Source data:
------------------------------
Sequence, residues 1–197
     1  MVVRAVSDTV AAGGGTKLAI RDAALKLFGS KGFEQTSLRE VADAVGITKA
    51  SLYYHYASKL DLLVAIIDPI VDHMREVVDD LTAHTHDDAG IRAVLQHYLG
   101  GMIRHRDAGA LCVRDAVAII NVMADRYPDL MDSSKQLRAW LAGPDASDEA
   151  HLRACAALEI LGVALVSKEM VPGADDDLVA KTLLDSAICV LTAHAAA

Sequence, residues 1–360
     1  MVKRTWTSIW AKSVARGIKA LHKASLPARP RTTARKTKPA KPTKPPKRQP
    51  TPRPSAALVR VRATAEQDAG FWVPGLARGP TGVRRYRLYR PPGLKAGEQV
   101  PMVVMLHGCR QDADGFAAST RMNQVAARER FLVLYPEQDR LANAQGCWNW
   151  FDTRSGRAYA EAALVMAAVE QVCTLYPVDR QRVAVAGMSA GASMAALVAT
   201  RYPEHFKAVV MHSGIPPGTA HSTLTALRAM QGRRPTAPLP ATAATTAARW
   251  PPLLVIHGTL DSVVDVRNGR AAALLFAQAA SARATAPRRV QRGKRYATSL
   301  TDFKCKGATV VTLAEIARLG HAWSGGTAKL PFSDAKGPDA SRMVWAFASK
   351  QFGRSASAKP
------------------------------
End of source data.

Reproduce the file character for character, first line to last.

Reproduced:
Sequence, residues 1–197
     1  MVVRAVSDTV AAGGGTKLAI RDAALKLFGS KGFEQTSLRE VADAVGITKA
    51  SLYYHYASKL DLLVAIIDPI VDHMREVVDD LTAHTHDDAG IRAVLQHYLG
   101  GMIRHRDAGA LCVRDAVAII NVMADRYPDL MDSSKQLRAW LAGPDASDEA
   151  HLRACAALEI LGVALVSKEM VPGADDDLVA KTLLDSAICV LTAHAAA

Sequence, residues 1–360
     1  MVKRTWTSIW AKSVARGIKA LHKASLPARP RTTARKTKPA KPTKPPKRQP
    51  TPRPSAALVR VRATAEQDAG FWVPGLARGP TGVRRYRLYR PPGLKAGEQV
   101  PMVVMLHGCR QDADGFAAST RMNQVAARER FLVLYPEQDR LANAQGCWNW
   151  FDTRSGRAYA EAALVMAAVE QVCTLYPVDR QRVAVAGMSA GASMAALVAT
   201  RYPEHFKAVV MHSGIPPGTA HSTLTALRAM QGRRPTAPLP ATAATTAARW
   251  PPLLVIHGTL DSVVDVRNGR AAALLFAQAA SARATAPRRV QRGKRYATSL
   301  TDFKCKGATV VTLAEIARLG HAWSGGTAKL PFSDAKGPDA SRMVWAFASK
   351  QFGRSASAKP